Rivet/Corrugated Panel Test:
A sample was applied by hand onto a 10 cm by 30.5 cm painted aluminum Fruehauf corrugated panel having four 12 mm diameter by 2.5 mm high rounded rivets. The sample was large enough to cover a substantial portion of the panel. The degree of ease of pressing the sample into the valleys and conformably onto the rivets to prevent air entrapment was evaluated.
Release liners were embossed to form patterns of protruding ridges on the front side surface. The liners generally had a 125c cm paper core, about 25c cm polyethylene with a matte finish on the back side, about 25c cm polyethylene with a glossy finish on the front side, and a commercial silicone coating on the glossy polyethylene side. Each set of patterns was formed under heat and pressure using an engraved embossing tool. Each engraved pattern was an array of two sets of intersecting parallel grooves forming a square grid array oriented 45 degrees from the axis of the tool. Comparative samples (Example 1) having no microembossed ridges were also evaluated. The area of the ridge tops relative to the area of the liner sample was calculated for each pattern and showed, at most, small or no increase relative to those having steeper slope sidewalls.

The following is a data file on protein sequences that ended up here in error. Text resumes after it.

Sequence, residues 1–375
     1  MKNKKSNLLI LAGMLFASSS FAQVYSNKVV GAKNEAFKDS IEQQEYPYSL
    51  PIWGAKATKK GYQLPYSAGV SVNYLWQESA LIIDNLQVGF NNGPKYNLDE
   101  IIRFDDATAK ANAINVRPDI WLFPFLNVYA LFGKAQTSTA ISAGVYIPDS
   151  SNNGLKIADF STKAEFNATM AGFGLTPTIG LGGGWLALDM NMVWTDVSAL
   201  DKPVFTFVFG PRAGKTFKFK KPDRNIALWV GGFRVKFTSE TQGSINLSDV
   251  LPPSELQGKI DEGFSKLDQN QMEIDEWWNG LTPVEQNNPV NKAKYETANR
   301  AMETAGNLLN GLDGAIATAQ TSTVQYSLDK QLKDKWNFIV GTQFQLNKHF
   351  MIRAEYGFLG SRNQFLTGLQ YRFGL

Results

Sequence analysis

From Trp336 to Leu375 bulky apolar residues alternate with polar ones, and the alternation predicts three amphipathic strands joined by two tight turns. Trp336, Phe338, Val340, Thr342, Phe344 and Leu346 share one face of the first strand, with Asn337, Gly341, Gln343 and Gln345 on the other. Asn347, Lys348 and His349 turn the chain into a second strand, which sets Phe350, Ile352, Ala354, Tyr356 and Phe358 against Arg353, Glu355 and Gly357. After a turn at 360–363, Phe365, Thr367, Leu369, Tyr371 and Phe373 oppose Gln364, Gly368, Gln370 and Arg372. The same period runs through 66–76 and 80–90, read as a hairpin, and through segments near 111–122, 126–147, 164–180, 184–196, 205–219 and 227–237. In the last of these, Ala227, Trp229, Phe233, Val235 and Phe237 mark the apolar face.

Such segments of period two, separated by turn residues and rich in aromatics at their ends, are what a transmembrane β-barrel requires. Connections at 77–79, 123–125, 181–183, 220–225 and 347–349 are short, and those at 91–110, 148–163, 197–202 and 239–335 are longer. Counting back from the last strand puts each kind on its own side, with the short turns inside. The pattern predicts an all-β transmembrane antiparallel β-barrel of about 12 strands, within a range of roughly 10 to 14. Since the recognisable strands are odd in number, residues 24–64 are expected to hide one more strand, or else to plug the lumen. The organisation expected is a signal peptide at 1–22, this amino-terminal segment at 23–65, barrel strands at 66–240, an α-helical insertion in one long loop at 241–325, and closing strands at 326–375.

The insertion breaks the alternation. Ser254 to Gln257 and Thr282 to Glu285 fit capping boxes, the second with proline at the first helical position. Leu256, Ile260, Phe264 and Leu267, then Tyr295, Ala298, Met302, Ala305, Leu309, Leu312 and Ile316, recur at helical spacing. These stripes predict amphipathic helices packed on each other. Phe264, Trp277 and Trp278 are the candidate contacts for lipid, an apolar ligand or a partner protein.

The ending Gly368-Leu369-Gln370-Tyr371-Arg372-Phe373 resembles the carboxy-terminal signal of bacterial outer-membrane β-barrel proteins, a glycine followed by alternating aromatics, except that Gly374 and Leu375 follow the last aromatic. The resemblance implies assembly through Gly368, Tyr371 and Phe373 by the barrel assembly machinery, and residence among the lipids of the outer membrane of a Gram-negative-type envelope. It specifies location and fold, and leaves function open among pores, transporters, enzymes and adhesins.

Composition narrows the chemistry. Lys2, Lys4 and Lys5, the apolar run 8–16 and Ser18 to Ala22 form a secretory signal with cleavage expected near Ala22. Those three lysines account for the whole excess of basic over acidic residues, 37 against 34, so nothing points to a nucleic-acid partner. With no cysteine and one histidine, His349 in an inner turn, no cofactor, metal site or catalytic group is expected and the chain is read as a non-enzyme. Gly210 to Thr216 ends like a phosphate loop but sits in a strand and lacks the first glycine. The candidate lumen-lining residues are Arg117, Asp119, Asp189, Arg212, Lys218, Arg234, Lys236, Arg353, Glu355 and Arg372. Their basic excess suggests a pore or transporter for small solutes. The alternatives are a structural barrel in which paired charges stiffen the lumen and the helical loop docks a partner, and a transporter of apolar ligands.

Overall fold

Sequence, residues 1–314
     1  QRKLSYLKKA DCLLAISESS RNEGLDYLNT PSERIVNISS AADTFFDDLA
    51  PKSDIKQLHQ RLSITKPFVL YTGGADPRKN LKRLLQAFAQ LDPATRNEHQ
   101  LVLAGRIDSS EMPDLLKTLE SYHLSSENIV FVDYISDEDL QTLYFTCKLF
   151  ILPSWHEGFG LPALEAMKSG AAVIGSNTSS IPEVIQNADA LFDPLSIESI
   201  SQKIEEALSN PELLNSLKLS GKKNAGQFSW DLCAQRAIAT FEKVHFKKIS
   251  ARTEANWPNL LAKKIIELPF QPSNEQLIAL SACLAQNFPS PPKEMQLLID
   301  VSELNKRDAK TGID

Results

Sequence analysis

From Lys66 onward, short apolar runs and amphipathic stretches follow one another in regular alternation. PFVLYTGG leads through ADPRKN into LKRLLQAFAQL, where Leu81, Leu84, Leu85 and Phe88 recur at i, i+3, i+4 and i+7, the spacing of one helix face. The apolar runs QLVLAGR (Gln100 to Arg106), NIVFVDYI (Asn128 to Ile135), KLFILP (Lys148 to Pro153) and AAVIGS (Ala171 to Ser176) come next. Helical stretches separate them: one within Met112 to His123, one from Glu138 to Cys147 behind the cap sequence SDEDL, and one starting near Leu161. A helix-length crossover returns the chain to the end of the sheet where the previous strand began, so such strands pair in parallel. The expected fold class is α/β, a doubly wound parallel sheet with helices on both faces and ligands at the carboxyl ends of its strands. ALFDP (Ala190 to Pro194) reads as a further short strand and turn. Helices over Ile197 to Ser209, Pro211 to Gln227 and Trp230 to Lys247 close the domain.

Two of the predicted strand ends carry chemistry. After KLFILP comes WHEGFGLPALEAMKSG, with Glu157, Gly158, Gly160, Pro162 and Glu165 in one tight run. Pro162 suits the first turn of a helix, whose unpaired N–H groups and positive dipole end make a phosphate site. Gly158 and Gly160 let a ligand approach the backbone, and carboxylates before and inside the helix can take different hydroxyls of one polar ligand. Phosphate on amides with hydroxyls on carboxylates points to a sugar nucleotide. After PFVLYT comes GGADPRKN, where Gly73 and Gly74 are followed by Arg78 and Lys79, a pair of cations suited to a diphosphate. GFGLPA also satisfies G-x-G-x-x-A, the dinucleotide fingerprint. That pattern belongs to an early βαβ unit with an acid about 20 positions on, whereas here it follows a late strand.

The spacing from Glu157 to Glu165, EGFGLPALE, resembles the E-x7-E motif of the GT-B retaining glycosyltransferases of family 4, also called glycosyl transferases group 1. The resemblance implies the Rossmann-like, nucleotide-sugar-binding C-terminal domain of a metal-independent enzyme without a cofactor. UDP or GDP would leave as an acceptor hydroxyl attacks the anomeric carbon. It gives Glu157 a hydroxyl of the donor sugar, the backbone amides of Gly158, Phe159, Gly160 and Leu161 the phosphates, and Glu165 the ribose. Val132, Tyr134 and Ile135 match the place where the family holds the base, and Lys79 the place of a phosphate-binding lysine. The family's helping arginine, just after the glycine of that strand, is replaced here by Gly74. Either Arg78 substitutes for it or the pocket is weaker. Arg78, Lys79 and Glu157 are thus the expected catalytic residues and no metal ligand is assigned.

The liners were tested for Tape to Liner Adhesion using two representative handling tape available from 3M under the trade designations SCPS-53X and SCPS-55. In addition, the liners were tested using a modified version of SCPS-55. The results demonstrate that the liners having the ridge topography of this invention can result in improved adhesion of applied tapes and broaden the selection of useful tapes that can be used with products having these liners.